Proyecto Agua Indigena - Executive Summary - 10 May 2011

Executive Summary

1- Secures safe water systems to indigenous communities of Reserva Pilon (Pilón Lajas Biosphere Reserve & Indigenous Territory).
2- Situated where the Bolivian Amazon meets the Andes, Reserva Pilón connects to Parque Nacional Madidi (Madidi National Park), one of the most bio-diverse places on the planet.
3- Indigenous Moseten, Tsimane, Tacana and Leco residents inhabit 22 communities in the reserve.  

4- Focus on 12 villages which lack safe water. 

5- Each community goes through a process of five stages: (1) health education, (2) bio-sand filters, (3) health promoters, (4) water committee and (5) water system.  

6- Local residents provide labor and local materials while partners contribute toward other materials, transportation costs, technical assistance and training.  

7- This effort is the collaborative initiative of international organizations Amazon Fund International, Aliamos, Circle of Hearts, AguaTuya and Plastiforte.

8- The pilot project was completed in January 2011 in the Moseten village of San Luis Grande.

The Problem. The majority of communities do not have access to a safe water system, which is detrimental, not only for the diseases carried but also by the lack of opportunity to enter the tourist market to generate sustainable income.  A great percentage of the inhabitants are of scarce resources, due to generating little economic income from their activities.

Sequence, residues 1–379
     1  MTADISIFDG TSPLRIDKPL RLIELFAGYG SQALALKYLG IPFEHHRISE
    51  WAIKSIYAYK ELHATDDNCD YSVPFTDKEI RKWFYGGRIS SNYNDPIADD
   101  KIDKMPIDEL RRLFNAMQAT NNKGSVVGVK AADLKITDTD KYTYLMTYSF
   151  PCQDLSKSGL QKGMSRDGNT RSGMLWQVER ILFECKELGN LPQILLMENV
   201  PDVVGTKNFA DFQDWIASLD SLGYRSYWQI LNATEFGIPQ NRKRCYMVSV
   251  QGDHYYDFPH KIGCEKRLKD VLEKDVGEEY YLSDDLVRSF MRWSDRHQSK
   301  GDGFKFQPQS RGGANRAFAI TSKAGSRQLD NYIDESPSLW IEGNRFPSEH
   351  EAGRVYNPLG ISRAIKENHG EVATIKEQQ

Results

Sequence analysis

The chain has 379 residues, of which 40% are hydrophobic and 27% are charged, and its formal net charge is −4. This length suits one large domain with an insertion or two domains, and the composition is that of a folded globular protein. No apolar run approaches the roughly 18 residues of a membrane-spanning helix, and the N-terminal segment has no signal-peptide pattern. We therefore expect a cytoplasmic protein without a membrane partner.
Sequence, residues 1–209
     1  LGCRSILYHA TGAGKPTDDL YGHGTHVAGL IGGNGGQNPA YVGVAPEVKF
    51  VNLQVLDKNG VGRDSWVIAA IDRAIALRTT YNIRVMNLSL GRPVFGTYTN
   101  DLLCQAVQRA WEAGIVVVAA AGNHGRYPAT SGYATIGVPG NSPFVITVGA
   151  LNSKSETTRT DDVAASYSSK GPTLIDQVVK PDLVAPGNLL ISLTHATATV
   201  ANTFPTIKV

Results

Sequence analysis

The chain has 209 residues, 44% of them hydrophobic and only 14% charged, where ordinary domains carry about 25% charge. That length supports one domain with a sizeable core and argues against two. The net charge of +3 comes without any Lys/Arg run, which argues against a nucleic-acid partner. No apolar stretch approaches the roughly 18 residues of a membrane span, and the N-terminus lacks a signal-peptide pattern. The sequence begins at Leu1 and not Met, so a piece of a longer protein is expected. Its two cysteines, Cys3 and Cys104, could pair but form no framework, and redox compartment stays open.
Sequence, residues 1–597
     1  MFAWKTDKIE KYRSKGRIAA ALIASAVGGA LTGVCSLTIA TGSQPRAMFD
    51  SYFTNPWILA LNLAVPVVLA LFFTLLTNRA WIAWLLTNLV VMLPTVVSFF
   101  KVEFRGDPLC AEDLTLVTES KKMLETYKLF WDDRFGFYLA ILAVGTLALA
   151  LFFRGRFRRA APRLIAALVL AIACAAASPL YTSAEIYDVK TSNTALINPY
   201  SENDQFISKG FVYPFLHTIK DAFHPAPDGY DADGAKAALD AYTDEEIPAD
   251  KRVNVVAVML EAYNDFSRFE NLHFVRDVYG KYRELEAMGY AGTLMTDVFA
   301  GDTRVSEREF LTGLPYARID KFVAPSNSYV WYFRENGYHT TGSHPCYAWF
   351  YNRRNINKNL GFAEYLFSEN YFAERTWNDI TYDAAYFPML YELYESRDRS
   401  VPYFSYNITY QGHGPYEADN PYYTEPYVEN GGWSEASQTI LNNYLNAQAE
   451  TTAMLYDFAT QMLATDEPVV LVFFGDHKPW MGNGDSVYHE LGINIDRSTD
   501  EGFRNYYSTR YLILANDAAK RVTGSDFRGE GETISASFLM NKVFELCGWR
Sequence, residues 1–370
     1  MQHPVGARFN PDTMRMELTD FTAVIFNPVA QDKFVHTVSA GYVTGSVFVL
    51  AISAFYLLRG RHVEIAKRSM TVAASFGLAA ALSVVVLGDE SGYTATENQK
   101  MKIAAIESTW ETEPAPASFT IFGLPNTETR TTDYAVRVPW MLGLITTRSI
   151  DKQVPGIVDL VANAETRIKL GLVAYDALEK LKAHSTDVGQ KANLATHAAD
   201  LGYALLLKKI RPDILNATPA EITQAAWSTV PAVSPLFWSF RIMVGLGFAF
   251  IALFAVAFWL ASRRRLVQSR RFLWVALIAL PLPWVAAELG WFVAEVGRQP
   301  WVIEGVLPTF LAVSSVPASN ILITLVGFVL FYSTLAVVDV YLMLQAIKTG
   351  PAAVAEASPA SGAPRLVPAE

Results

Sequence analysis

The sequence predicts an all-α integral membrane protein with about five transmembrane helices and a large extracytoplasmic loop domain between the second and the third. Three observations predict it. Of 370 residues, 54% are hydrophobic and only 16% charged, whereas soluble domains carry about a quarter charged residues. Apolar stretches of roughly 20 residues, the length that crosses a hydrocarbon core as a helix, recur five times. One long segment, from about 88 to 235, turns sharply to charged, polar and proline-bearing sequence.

The Objectives. The project aims to (a) implement safe water systems in the 12 communities which lack them, in order to (b) improve the health of indigenous residents, (c) reduce the time to obtain safe water, providing them time for more beneficial activities such as farming and education, and (d) provide an infrastructure to offer a tourist service, creating viable and sustainable income.  

Water systems and materials.  Each system typically includes (1) the catchment, (2) the matrix, (3) the network, (4) the faucets and (5) the drains.  High-quality, environmentally-friendly materials are (1) resistant to impact and pressure, (2) quick to install, (3) flexible and lightweight, (4) better joints, (5) 50-year life, (6) resistant to corrosion and (7) safe for health and the environment.

Communities.  Roughly 1000 persons of 140 families reside in these 12 communities.  Indigenous residents dedicate their time to fishing, hunting and agriculture, cultivating mainly rice, corn, yucca and sugarcane, as well as collecting and selling the Jatata palm used for roofing.   Tourism and handicrafts are relatively new sources of income.   The 8 villages along the rio Quiquibey include Motacusal, Bolson, San Luis Grande, San Luis Chico, San Bernardo, Corte, Bisal and Gredal.  Along the rio Beni are situated the 4 villages of Muchanes, Charque, Embocada and Sani.

Pilon Lajas Biosphere Reserve. Pilón Lajas is of international importance as recognized by UNESCO as a Biosphere Reserve.  The reserve aims to conserve the cultural values and traditions of the indigenous communities while making conservation and development goals compatible.  It is an important reservoir of water, and is known for high floral diversity with 2,000 – 3,000 species of plants, as well a protecting at least 497 species of birds, 93 species of amphibians and reptiles and 102 species of fish.

Proyecto Agua Indigena,
May 8, 2011, 3:07 PM